Introducing SharpShot

Introducing SharpShot

3 minute read


In October 2018, I participated in Durhack, a hackathon run by the university’s computing society. As a group of three, we wrote v0.1 of SharpShot in 24 hours1. At first, the idea was simple: A 2-dimensional visual programming language. The first commit was 2 hours after the hackathon started, and by hour 5 it was fully usable2.

The remaining 17 hours contained more playing with the program than developing it. It is incredibly addictive - when taking the Github screenshot I accidentally spent 5 hours playing around with it instead. SharpShot won the “Github prize for best developer tool”, and placed second overall in the hackathon.

What is Sharpshot?

Sharpshot is a game where players attempt to solve a series of challenges by combining simple components. They place nodes on a rectangular grid known as a board. Its size is configurable by the user. Each node performs a pre-determined function on bullets, which carry data around the board. When a bullet leaves the board, it is written to the output. When two bullets collide, they annhilate each other3.

A simple board which computes (A+B)*C

A solution is scored on three metrics:

  • Speed - The total number of ticks taken for the test suite
  • Cost - Each node placed increases the cost, with more complex nodes costing more
  • Size - The total number of squares on the board

Faster, cheaper, and smaller solutions are better. The solution will be given a percentile grading for each of these metrics, relative to all other players. It is almost impossible to optimise all three metrics at once, so most solutions will optimise for just one. To pass the level, a solution does not need to be optimal - it just has to pass the test suite.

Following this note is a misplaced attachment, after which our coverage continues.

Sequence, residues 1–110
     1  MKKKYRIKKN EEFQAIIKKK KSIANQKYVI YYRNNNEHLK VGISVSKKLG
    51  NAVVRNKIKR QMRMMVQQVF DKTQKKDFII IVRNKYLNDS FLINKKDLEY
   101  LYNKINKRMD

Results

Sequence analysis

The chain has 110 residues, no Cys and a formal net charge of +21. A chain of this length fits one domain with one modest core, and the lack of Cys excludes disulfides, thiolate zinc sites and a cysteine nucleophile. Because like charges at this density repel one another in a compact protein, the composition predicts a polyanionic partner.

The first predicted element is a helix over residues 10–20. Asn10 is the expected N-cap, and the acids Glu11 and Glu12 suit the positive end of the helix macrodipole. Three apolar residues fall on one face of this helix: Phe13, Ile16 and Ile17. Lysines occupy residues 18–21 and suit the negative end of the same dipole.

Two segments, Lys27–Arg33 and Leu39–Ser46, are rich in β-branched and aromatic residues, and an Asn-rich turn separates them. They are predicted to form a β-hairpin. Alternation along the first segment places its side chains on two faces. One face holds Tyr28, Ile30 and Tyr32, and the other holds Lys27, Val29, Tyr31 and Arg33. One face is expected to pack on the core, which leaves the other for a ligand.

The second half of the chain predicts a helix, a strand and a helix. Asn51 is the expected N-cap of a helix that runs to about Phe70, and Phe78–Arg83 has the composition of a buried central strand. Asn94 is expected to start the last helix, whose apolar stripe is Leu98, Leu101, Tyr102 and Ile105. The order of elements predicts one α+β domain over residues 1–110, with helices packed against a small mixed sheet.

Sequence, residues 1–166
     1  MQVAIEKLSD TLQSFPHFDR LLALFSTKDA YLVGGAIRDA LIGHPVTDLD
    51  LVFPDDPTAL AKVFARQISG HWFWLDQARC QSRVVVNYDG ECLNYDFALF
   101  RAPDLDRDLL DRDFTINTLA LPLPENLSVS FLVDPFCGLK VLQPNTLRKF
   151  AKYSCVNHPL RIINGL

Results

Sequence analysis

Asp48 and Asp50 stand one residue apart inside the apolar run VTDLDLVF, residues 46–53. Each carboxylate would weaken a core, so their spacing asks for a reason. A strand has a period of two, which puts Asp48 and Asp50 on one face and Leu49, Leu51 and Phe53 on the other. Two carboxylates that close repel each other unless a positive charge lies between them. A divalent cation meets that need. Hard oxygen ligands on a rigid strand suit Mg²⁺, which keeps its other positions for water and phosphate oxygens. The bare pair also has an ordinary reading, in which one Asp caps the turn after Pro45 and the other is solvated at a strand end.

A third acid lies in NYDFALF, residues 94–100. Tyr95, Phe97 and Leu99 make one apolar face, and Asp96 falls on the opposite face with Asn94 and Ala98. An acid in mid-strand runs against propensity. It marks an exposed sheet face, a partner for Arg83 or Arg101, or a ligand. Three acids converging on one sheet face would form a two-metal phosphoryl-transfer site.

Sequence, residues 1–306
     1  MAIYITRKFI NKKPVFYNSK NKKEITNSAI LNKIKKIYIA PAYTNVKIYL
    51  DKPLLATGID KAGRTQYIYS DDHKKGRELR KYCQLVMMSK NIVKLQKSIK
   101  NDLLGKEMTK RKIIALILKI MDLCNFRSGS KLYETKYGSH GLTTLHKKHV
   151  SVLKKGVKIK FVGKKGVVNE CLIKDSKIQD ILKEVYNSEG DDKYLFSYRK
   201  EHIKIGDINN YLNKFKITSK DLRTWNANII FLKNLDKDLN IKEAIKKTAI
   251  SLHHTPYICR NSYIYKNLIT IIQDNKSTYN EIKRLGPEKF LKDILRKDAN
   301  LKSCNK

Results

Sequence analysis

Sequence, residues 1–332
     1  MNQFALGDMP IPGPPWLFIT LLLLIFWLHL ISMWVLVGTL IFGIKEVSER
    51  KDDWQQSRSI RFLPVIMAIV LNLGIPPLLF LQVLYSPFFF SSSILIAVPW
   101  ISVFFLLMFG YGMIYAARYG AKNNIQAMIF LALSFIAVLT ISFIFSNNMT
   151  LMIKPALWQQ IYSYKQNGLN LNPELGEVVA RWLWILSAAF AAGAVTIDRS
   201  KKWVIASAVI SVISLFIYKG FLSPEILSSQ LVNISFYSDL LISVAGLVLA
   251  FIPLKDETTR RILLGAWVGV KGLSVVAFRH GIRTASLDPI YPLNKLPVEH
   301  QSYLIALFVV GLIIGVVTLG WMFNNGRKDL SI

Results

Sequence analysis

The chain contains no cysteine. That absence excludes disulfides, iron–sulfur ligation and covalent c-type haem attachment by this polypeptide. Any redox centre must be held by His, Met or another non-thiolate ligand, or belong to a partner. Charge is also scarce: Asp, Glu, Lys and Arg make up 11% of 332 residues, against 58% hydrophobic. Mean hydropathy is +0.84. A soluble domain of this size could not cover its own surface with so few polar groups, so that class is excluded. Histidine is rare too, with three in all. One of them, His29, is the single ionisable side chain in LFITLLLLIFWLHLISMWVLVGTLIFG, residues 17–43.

Current State & Roadmap

The current version of the game does not have set levels and does not provide a score. It is still a sandbox while development continues. The core gameplay is quite stable and fun to play around with, which you can do by downloading it via github.

The game is currently in version 0.4.1, and there’s a lot left to do before v1.0. In it’s current state, the roadmap is as follows:

  • v0.5 - Move, rotate, and delete large sections of a board. Save these extracts as components to allow for reuse.
  • v0.6 - Create infrastructure for challenges, allowing boards to be ran against a test suite. Populate the game with levels in many categories of various difficulties.
  • v0.7 - Add online component and accompanying server code to score solutions on the 3 metrics. Add leaderboards and ability to browse top solutions to each level.
  • v1.0 - Graphical and sound overhaul. Increase general polish of game and make it look less like enterprise software.
  • v1.1 - Support user-made levels.

I’ll let you know how that goes!

If you have any suggestions or comments, definitely get in touch. PRs are always welcome, it’s open-source for a reason!

  1. Which is still available for download via github 

  2. I know this thanks to a commit optimistically titled Hackathon done! at 4:45pm 

  3. This is actually the main way to perform boolean logic. I wasn’t kidding when I said esoteric!